DHS procurement shortages hinder performance contracts

The Homeland Security Department lacks the experienced procurement employees needed to properly handle performance-based contracts, the chairman of the House Homeland Security Committee has said.

Gaps in the workforce caused significant problems with those contracts, he also said.

In a hearing held May 8, Committee Chairman Bennie Thompson (D-Miss.) said DHS needed active involvement between procurement staff members and program managers along with effective oversight of contractors.

Thompson said some of those problems stem from DHS' lack of contracting employees. He said that, as of February, DHS employs 60 percent of the procurement staff members the agency needs to manage its contracts.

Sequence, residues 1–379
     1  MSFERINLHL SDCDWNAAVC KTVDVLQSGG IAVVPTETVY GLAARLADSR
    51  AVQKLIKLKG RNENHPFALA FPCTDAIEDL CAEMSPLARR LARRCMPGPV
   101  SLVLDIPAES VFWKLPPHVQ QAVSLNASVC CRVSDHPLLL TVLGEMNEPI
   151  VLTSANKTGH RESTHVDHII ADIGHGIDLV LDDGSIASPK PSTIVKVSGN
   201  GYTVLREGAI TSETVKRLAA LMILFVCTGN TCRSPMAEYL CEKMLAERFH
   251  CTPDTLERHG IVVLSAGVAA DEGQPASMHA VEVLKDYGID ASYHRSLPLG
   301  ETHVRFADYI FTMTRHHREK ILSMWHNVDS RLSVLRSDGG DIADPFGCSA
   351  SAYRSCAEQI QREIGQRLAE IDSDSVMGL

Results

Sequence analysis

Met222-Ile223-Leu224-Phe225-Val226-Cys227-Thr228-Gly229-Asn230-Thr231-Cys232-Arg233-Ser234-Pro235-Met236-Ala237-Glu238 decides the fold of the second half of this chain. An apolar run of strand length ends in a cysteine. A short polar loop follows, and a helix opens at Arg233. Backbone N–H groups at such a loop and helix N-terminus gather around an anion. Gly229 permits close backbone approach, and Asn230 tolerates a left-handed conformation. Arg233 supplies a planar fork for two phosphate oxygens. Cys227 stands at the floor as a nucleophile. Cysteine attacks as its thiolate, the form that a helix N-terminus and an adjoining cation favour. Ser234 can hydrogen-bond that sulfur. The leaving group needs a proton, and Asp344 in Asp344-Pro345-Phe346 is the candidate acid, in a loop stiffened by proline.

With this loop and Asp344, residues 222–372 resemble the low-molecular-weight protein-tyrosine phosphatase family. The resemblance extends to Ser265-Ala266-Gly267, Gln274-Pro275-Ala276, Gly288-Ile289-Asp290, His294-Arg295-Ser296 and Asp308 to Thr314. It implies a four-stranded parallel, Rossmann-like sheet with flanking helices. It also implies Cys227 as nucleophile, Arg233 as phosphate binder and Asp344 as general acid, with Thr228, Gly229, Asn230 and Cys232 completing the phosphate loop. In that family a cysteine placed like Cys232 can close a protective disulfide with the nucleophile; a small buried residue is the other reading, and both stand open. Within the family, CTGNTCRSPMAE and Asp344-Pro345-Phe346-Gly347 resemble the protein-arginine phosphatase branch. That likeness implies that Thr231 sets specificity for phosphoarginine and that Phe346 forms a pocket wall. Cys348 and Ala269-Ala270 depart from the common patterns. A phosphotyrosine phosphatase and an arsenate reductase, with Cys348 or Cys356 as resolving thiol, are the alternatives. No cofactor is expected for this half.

“When we are spending the taxpayer’s money, complacency about the weaknesses in DHS’ procurement shop is not acceptable,” Thompson said.

Several DHS performance-based contracts created cost overruns and low-quality products, he said, citing the Coast Guard’s Deepwater program. The Guard, a component of DHS, spent $1 billion on the fleet modernization program, but was left with substandard vessels, Thompson said.

DHS Chief Procurement Officer Thomas Essiq testified he is pushing to fill the gaps in his procurement workforce.

“We are intensifying our human capital planning efforts to minimize skill and competency gaps as well as minimize our critical vacancies and reliance on contractors,” Essiq said.

Essiq said his office also is updating its acquisition training program and getting acquisition professionals to mentor less-experienced contracting employees on the workings of performance-based acquisitions.

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